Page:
Sunday, March 20, 2011

Shamrock 5 Miler (Madison)

Finally, my 3rd race of the season.

I have to say, I really wasn't looking forward to this. When you race as seldom as I have this year, the idea of stepping out and running a 5 mile road race on a Sunday morning when I should probably have been running for two hours. After all, I have a marathon to run in June.

I got there with my son Ian in tow, and I'd managed to convince him to actually run the kid's race. That was great. Ian has been all over the map about fun runs and probably the best part of the whole experience to hear him still saying later that day that he a) wanted to run more fun runs, and b) it would make him in better shape. Getting him ready and signed in and handing him off cut my warmup down, however, it was worth it to have him out there (out in the back, to be honest) and running- and enjoying it.

I got my warm-up in and then I was standing at the line talking to Maureen Terwilliger and Martha Merz. Yes, the Martha that was in DC is now back in CT. We were all downplaying how well we were or weren't going to run.

Ken PLatt came up to me before the race and asked me if I was planning to swing my number round from back to front. If you know me, you know this is a pet peeve. One of the reasons that I hate the B tag is that it is supposed to be worn on the chest in fromt of the body. When are the people who make these things realise that a good portion of us would be caught dead before we'd drive four pins through a singlet we've paid more for than we pay for our clothing. (Disclosure: I spent more on training gear last year than actual clothing. I know. Lame, right ?)

I did indeed swing my race belt round to the front.

And then we were off.

As I get- more experienced (read older)- I get more frustrated with young kids that bolt out at the start of a race. I know, it's youthful exuberance. It's also silly. I can see it in a 5K, but we're talking about a 5 mile road race. I expect a little discretion but of course that never happens. The kids go nuts and you are left trying to figure out which ones are bat-shit crazy and which one or two are going to eat your lunch and make you look like the aging man you really are.

I know every inch of the course. There's one short loop on the way out that isn't part of most of our rides or the Madison Triathlon, but not much.

It was clear from the get go that two of the guys were simply going to crush me. Somehow I managed to move up from 15th to 3rd- briefly- at about half a mile. But I could hear two guys behind me and as I made a left hand turn about a mile in they were pretty much on top of me....

Given the shape I was in at the time, I knew better than to try and get into a back and forth 20% into a race. I let them go and concentrated on what Eric says 'My job is to do my job.'

Maureen was close behind me, but she wasn't really pushing, which was good. We got out along the sea wall and of course it was cold and the wind was blowing in, but not that hard. The run out to end of the loop was pretty uneventful. We down two blocks and then cut back in, dropping back down on the road that we had been going out on (think a lollipop with a little candy top) and that's when things got really interesting.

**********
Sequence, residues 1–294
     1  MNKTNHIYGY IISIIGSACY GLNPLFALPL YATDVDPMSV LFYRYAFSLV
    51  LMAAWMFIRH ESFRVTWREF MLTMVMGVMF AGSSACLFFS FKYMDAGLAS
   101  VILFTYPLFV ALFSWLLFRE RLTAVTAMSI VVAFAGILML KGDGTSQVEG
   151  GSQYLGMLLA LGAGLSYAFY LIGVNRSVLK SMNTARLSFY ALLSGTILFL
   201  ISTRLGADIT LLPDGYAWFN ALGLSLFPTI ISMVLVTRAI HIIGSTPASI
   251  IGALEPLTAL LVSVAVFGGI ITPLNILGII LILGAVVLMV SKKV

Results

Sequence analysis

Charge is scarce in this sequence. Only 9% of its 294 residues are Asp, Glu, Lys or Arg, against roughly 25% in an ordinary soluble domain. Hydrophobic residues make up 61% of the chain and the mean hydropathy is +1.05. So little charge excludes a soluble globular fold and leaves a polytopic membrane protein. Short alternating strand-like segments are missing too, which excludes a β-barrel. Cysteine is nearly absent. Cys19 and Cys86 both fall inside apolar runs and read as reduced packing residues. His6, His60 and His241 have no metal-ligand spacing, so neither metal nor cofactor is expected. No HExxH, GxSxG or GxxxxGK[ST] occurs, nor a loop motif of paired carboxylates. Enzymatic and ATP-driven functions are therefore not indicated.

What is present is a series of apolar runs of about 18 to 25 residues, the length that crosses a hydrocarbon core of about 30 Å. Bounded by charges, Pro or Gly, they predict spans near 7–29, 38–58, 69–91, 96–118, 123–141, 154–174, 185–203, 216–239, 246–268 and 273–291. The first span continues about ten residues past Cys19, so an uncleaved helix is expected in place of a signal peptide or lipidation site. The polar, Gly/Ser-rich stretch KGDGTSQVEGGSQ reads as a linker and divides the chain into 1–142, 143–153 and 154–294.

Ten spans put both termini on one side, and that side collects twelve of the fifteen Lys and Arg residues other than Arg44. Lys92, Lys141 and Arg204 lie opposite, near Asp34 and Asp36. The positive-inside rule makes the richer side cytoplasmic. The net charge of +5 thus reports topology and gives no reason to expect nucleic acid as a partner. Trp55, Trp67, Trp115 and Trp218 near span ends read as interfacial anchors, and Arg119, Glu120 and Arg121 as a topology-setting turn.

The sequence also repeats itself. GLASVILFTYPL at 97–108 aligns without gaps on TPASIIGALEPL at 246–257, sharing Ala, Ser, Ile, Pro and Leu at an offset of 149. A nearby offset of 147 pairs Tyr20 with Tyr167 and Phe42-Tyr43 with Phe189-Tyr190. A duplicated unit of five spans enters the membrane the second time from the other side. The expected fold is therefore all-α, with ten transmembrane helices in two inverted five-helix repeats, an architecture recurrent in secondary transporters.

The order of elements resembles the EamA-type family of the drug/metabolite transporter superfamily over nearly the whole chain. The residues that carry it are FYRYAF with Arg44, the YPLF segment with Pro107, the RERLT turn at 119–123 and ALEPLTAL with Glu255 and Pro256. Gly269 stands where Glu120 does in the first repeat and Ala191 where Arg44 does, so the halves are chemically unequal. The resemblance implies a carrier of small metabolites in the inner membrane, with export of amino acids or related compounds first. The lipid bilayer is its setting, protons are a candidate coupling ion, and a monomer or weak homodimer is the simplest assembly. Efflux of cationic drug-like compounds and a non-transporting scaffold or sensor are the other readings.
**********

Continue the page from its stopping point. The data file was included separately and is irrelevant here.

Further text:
The people coming out were all over the road, and I had tow guys and Maureen close behind. Now this is the same road along the seawall in Madison I ride on all the time and I know every twist and turn of it, but we were running against the meat of the pack, who were about 1/4 to 1/2 a mile behind us.

Me being me, I went on the offensive, basically picking my line and challenging anyone who really wanted to dance to not move. Everyone moved. I worked us all the way over to the right on the tangent, and then as we headed to that small bridge over the fen, which is a nice wide arc, I decided to switch the side of the road. It was the right time to make the move, and we easily negotiated the traffic.

One guy who had been pushing me from behind was right on top of me now and I went to the middle of the road because it was safer, if not the best tangent. At one point a car got on the course but he wisely stopped so we could get by and then I got passed for the last time in the race.

I was sure another guy and Maureen were going to pass me as we made the left-hand turn, but they didn't, and now I was starting to feel the effect of racing something longer than a 5k, especially after riding nearly 3 hours the day before.

We made the right and the next left and that's the home stretch- we were headed home now, running past the golf course, and all I could do was run my ass off with two people bearing down on me the whole time. I just wasn't going to give any ground though and I ended up beating the guy behind me, and winning my age group, by 3 seconds, and Maureen came in a few seconds after that.

I was glad to win my age group and finish 5th or whatever. But the funny thing is, the warm-down after the race was really better than the race itself. Running a 5 mile road race is not going to help me reach my goals. I went back out with Martha and took her through the Madison Triathlon 5k run. We ran it pretty hard and doing that after a short break was even better than the post-race beer. It made me feel like I hadn't, I don't know, wasted a Sunday run with a short race.

That's pretty out of the box thinking for me...

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